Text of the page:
Trust is an Assessment

Have you ever reflected on your relationship with trust? Do you think that trust has to be earned? Do you have a history of trusting others unless they give you a reason not to?

When I was gathering my thoughts in preparation for writing this, I considered how I would define trust.  That was much harder than I thought and the description that was most comfortable to me was that “trust is a deeply felt sense”.  As someone much wiser than me once said, “it is so close, you miss it; it underlies everything we do. When it’s there – you assume it, when it’s not – you know it”.

Trust always involves some risk and the possibility of disappointment. And I think that’s probably the fork in the road for people when deciding if they will give someone their trust or not.  Our ability to deal with disappointment, without having it feel like a severe personal blow, appears to have much to do with our willingness to be vulnerable in this way.  There are certainly times when distrusting someone is a good thing.  Blindly trusting everyone we encounter can have disasterous consequences.  It is important to make grounded assessments when considering if we trust someone or not. (Have you ever trusted a stranger because they ‘looked like a nice person’, only to have things not turn out so well for you?)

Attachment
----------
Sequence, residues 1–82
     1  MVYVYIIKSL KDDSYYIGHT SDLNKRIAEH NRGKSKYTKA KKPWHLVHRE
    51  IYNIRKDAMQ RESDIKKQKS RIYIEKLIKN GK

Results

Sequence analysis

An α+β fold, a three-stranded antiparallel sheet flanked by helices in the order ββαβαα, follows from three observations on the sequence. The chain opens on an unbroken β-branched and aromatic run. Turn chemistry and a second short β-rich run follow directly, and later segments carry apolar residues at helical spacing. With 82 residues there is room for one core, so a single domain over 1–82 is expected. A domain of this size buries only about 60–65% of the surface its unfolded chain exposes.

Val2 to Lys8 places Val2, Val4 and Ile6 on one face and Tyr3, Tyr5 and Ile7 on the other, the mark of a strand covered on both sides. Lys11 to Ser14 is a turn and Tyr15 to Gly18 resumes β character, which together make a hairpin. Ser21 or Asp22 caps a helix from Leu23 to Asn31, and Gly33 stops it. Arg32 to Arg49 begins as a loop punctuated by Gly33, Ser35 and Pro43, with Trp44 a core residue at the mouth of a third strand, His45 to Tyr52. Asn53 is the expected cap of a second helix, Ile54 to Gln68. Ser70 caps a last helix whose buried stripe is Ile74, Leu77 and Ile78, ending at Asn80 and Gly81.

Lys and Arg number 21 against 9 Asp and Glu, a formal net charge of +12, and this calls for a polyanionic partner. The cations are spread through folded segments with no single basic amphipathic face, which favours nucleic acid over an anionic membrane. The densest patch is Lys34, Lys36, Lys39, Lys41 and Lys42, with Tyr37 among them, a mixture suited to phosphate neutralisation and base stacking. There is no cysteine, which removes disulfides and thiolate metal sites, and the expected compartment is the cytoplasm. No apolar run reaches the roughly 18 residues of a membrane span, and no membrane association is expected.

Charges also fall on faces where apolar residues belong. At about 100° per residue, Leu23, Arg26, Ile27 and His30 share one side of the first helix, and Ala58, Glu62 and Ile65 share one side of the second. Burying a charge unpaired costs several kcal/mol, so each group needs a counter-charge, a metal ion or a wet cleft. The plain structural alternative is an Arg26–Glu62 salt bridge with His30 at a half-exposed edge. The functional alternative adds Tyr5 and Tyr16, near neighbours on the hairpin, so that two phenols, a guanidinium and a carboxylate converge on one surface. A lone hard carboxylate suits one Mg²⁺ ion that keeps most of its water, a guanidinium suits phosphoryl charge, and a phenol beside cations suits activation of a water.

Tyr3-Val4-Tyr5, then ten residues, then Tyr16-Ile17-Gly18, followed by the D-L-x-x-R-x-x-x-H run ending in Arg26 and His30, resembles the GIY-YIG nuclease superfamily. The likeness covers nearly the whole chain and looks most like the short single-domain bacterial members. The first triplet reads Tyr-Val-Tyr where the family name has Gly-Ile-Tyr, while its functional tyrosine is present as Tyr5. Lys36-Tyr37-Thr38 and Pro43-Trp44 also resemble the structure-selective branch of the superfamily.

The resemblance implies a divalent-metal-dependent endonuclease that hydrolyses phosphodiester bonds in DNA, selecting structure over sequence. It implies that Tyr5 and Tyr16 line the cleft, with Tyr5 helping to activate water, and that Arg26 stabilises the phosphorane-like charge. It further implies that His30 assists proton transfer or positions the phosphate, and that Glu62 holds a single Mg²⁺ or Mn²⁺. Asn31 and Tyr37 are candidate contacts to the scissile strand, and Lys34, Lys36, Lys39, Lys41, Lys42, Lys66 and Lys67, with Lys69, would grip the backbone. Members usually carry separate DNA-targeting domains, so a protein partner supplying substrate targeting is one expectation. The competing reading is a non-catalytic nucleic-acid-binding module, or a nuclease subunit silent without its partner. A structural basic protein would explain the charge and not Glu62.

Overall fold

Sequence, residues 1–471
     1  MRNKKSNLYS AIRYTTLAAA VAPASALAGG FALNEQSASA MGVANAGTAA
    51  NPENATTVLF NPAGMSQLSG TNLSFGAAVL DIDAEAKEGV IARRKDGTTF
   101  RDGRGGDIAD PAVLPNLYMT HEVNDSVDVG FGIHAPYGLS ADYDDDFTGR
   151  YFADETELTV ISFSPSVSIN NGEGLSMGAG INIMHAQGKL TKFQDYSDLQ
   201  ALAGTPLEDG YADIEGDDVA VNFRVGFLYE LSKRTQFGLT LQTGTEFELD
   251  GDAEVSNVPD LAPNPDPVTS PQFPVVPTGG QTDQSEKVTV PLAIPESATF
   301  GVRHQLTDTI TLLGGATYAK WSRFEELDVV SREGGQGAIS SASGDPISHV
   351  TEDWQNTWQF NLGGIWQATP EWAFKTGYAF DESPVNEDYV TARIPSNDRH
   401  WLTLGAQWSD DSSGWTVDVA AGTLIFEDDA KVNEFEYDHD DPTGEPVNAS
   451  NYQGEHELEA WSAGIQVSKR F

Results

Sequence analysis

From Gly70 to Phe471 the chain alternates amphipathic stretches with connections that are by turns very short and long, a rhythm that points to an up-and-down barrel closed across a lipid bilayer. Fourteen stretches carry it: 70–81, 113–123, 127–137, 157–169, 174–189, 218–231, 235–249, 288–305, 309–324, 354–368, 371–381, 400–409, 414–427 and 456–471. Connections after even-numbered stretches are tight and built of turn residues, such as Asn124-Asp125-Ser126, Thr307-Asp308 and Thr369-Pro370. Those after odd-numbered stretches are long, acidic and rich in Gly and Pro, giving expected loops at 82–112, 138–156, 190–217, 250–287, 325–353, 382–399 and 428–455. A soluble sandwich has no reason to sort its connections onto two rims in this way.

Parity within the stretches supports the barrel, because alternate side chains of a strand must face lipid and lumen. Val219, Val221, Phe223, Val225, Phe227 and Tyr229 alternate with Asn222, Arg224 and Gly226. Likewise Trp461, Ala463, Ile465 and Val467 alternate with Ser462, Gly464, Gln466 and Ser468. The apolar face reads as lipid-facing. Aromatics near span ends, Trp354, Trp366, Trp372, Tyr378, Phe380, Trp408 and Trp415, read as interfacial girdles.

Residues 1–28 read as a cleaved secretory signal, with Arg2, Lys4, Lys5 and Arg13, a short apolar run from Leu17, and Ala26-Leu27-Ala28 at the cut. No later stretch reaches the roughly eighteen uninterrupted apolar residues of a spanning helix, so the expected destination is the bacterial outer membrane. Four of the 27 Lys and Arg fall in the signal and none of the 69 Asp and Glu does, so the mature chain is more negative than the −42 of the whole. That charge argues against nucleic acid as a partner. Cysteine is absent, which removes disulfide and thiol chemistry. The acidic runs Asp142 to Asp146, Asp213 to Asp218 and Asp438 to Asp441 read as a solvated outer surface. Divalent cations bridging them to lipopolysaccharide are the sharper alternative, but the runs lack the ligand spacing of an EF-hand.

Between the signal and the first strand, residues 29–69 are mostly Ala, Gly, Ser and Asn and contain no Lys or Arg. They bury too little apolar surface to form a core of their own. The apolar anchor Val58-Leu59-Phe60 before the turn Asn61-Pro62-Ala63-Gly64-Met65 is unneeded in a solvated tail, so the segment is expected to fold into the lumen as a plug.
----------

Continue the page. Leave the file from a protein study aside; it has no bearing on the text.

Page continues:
Take a moment and reflect on a recent breakdown in trust.  Maybe you are experiencing one currently?  Allow yourself to become immersed in the experience of this break.  Really give yourself permission to complain about it.  Now, notice what is arising

  • in your body – do you feel sensations that are uncomfortable?
  • in your mind – what story accompanies the break?
  • in your mood – familiar?

What possibilities arise from this place?  If the answer doesn’t move you in the direction you desire, consider if there is a missing conversation that needs to occur.  And don’t forget, the conversation that is often missing is the one we need to have with ourselves – “Through what lens am I seeing this?”





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